As with granite, quartz countertops also have their own sets of drawbacks and benefits that go along with them.
Here are some of the most important drawbacks and benefits of granite that you have to know:
Granite can often end up costing a bit more than quartz since it is a natural rock. This means that the complete slab needs to be excavated from the earth as one chunk of stone. This extraction along with the shipping of the product consumes a lot of energy, time and ultimately money. When it comes to granite slabs, you’ll need to be willing to pay the price for a thicker piece. The thinner the granite is, the weaker it will be as well. he ease-of-use and aesthetics of all stone countertops, including granite and quartz, are also important factors when it comes to countertops that fit into today’s busy lifestyles.
Made from one of the hardest minerals on earth, quartz countertops are arguably the most durable option for kitchens. They're also some of the most eye-catching. They come in a wide variety of colors, including fire-engine red and apple green, as well as earthy browns, blacks, and creams, with sparkles and veining for the look of granite or marble. But unlike natural-stone slabs, which are mined, these slabs are engineered in a factory. Their primary ingredient is ground quartz, combined with polyester resins to bind it and pigments to give it color. For some designs, small amounts of recycled glass or metallic flecks are added to the mix.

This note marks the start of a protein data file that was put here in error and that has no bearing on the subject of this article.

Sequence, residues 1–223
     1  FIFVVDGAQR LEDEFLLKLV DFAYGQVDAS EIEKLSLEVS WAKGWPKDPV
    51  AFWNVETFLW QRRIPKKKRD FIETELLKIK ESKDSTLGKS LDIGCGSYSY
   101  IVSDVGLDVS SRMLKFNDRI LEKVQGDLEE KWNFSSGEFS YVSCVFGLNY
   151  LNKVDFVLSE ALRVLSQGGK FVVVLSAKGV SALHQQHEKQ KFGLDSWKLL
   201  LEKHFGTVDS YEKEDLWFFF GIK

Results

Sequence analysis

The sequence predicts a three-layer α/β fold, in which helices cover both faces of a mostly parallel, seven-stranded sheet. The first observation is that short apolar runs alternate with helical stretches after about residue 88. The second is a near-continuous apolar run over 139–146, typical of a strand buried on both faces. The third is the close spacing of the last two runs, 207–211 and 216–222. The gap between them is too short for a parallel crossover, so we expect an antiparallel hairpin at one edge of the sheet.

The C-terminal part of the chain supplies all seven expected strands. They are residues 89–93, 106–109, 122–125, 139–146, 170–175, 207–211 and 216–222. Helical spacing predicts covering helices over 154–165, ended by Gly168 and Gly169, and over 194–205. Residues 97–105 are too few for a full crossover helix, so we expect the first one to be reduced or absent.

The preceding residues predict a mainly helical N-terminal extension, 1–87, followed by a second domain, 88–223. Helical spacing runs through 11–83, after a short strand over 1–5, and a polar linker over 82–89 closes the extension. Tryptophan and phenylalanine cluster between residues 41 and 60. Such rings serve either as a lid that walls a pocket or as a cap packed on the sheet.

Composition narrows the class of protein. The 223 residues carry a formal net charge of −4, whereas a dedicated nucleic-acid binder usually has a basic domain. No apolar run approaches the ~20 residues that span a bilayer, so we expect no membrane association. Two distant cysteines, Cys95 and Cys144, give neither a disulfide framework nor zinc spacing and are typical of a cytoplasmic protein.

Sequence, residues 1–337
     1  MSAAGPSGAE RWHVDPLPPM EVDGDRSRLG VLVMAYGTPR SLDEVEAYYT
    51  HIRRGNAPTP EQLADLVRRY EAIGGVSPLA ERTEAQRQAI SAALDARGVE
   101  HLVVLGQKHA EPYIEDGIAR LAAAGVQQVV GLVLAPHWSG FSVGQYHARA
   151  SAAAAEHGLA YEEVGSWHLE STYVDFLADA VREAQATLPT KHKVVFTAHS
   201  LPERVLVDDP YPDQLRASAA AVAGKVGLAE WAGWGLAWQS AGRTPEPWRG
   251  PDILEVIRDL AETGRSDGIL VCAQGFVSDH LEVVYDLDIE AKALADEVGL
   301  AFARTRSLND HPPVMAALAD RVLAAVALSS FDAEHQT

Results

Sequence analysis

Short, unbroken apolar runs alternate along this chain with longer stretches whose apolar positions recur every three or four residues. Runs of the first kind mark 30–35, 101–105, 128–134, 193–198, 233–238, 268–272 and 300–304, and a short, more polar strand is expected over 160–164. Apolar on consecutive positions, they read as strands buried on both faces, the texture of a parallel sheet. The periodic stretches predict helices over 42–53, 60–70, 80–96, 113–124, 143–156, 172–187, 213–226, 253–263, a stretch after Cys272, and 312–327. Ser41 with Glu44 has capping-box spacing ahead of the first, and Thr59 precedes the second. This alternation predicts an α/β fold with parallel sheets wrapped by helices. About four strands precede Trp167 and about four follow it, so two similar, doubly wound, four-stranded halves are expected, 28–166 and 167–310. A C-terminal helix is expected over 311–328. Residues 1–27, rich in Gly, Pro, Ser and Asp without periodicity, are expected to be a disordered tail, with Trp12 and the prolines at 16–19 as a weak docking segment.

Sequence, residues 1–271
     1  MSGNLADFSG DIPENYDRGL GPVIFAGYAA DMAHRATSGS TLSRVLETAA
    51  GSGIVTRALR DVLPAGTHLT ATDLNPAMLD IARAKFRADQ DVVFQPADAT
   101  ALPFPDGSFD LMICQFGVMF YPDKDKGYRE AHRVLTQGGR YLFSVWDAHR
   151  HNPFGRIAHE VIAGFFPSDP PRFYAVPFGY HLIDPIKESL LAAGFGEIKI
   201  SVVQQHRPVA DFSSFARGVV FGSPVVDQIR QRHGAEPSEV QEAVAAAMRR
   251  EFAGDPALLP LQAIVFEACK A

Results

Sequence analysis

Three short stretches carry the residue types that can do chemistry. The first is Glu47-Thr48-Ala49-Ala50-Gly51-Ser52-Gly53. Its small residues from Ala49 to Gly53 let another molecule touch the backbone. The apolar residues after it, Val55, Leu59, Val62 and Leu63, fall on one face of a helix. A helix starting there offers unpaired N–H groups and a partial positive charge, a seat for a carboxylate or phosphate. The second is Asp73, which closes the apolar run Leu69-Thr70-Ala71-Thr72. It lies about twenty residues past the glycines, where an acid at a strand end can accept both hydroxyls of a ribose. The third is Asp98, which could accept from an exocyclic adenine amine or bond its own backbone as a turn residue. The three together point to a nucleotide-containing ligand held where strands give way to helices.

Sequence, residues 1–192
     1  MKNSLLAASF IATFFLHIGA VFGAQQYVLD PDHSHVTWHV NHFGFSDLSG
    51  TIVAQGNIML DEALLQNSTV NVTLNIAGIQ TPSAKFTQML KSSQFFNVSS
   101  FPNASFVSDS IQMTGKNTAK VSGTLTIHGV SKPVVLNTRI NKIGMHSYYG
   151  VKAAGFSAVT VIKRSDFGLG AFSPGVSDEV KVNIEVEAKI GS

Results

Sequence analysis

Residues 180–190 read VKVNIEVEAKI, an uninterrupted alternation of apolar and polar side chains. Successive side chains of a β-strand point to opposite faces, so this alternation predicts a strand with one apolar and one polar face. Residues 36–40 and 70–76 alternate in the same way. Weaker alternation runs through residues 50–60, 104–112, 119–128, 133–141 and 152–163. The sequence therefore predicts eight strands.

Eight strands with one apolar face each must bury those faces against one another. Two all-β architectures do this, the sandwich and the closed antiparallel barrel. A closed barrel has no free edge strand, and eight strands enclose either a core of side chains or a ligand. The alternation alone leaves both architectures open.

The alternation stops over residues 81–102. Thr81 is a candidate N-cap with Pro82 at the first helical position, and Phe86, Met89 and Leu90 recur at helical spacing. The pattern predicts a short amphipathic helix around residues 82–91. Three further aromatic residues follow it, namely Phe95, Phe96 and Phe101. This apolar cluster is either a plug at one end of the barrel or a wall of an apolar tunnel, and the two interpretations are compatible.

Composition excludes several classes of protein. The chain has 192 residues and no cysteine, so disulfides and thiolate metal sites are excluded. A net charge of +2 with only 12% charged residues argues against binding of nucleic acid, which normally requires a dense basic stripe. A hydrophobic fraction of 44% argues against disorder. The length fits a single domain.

Natural-quartz crystals are mined, then ground into a dust or an aggregate that's fused with resin binders under intense heat and pressure to form a solid slab. Pigments added during the process impart color to the countertop. Replacing bland laminate countertops with it can turn a pretty kitchen into a stunning one.
Unlike natural stones that contain microscopic pores over its entire surface, the resin in between the crushed quartz bits evenly fill out the gaps and surface. This makes quartz countertops very resistant to stains as liquids and pigments won’t seep in and cause a mess, unlike natural stone. Composed almost entirely of hard quartz mineral, quartz countertops will blunt knives and other sharp metal objects before it scratches. But while the resin is soft and susceptible, very little of it is exposed on the surface, and is unlikely to scratch except in the most severe cases.
Probably the first thing anyone will notice is the price tag. Costing just a little less than granite, and significantly more expensive than solid surfaces or laminate, quartz countertops are quite expensive. Nevertheless, its durability, ease of maintenance and hygiene benefits makes up for its price. Although great at holding up in a kitchen environment, quartz countertops aren’t the best choice for outdoor use. Prolonged exposure to the elements will quickly fade as the polymer resin and color pigments react to sunlight and chemicals in the rain and air.Quartz Countertop Fabrications